Junelle Lewis, left, Will Schlegel and Jacob Walker

Junelle Lewis, left, Will Schlegel and Jacob Walker

Planning board members face off in 3-way primary for Monroe council

Planning board members Jacob Walker and Junelle Lewis, along with Will Schlegel, filed to run for Monroe City Council.

MONROE — Three candidates are vying for the fifth City Council position in Monroe.

Jacob Walker, Junelle Lewis and Will Schlegel have all filed for Position 5 and will be on the Aug. 1 primary ballot. Council members serve a four-year term.

Ed Davis, who holds the seat, is not seeking reelection after 12 years on the council. Two candidates will advance to the general election Nov. 7. City Council members are paid $900 per month. The position is nonpartisan.

Junelle Lewis

Junelle Lewis

Junelle Lewis

Lewis works for the Monroe School District and recently started a food truck business with her husband.

She also serves on the Monroe Planning Commission and is on the board of a local nonprofit, Take The First Step, which works to combat homelessness.

Affordable housing is high on her list of priorities. Lewis said there needs to be an increase in multi-family housing development and more options for renters.

She would also like more protections for renters.

“I think that a lot of times, these apartment complexes and landlords, they take advantage of a person’s desperate need of housing,” Lewis said. “And I feel that as the city we need to support our residents more in that space.”

Lewis said she would like to see a mentorship program with established, successful businesses.

Lewis moved to the area from California in 2018 with her eight kids and is running for City Council for the first time.

“I’m not afraid to be disliked, I’m not afraid to enter uncomfortable places and have conversations that are needed,” Lewis said. “If we want to see better, we cannot keep doing the same thing. … We’ve got people in our community that we’re not listening to and we need to listen to them.”

Will Schlegel

Will Schlegel

Will Schlegel

Schlegel did not agree to a phone interview. On his website, he said he survived COVID by using ivermectin, a horse dewormer. Ivermectin was popularized as a COVID treatment by former President Donald Trump.

“Our individual rights were taken without our permission, and we should never let that happen again,” his campaign website states. “Our State Constitution declares that our government is to protect your individual rights, not manage or take away our rights.”

On a panel earlier this month with the League of Women Voters of Snohomish County, he said he spent 12 years in Turkey doing humanitarian work.

“I am the choice for City Council because I bring small community passion, I have a global work and view experience and my interest in supporting individual rights,” Schlegel said. “It’s about protecting everyone’s individual rights equally.”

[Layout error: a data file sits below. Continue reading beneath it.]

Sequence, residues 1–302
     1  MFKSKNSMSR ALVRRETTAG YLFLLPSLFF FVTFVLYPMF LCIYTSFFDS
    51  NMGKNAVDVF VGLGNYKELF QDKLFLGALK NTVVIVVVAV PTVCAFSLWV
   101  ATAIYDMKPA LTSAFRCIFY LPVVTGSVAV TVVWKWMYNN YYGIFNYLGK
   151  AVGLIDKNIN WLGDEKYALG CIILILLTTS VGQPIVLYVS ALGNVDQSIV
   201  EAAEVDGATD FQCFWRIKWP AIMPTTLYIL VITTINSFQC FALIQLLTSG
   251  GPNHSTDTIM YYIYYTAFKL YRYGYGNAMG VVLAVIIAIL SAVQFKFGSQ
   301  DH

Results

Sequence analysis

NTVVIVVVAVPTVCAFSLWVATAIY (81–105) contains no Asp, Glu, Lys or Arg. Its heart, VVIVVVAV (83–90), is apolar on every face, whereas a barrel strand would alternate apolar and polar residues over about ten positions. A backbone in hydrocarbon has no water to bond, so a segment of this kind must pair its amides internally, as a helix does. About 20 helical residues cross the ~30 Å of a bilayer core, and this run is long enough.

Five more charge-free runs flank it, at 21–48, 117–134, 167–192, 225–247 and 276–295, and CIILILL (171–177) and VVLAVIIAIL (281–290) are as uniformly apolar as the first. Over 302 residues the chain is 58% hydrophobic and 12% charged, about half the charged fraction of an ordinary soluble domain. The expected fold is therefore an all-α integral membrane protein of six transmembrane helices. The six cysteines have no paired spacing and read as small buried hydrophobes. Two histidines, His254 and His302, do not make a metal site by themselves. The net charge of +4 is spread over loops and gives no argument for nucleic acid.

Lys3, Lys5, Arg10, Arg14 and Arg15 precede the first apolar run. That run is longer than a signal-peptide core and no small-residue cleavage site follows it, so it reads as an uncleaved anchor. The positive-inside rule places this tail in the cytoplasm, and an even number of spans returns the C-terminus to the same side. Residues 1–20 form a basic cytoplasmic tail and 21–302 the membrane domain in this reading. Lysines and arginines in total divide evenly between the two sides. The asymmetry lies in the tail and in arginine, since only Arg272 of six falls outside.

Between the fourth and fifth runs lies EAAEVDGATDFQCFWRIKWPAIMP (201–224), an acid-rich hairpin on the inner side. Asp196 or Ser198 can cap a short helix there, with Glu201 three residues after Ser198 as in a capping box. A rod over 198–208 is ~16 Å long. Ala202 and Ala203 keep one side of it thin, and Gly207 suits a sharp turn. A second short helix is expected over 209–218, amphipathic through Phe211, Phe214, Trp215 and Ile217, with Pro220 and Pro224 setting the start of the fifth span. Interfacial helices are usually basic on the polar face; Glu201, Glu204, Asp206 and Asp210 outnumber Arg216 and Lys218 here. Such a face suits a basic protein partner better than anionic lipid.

Jacob Walker

Jacob Walker

Jacob Walker

Walker is an agency partner with PNW Insurance Group and is running for City Council for a third time. Walker lost to Kirk Scarboro by 38 votes in the 2021 election and by around 400 to Jeff Rasmussen in 2017.

Walker serves on the Monroe Planning Commission with Lewis and previously served on the Monroe Economic Advisory Board.

“I love seeing the way policy can make a difference to help people and I just want to serve,” Walker said in an interview. “I just think I’ve got a good perspective on what our citizens need.”

Transportation and safety are high among Walker’s concerns. Better infrastructure is needed, he said. Highway 203, Highway 522 and U.S. 2 all come through Monroe, which can cause traffic headaches. He would like to see the completion of Highway 522, which residents have wanted “for decades.”

“That’s just the main roads, the other issue is arterials and safety and walkability outside the city,” Walker said. “We’re starting the process of getting our comprehensive plan going and looking at the population growth, our infrastructure is going to be strained even more.”

Monroe is expected to add around 5,000 residents by 2035, according to the city’s 2021 Housing Action Plan. Walker said if elected, one of his first priorities would be building a coalition to lobby for funding for Highway 522.

Walker feels crime is becoming more prevalent in the community. Homelessness is also an issue, he said, as are drugs like fentanyl.

“I’ve seen people walk out of stores with carts full of electronics, things like that you’re starting to see be more common,” Walker said. “To just kind of start experiencing those crimes out here, it just feels like, ‘What can we do to be proactive in fighting it or stopping it?’”

Jordan Hansen: 425-339-3046; jordan.hansen@heraldnet.com; Twitter: @jordyhansen.

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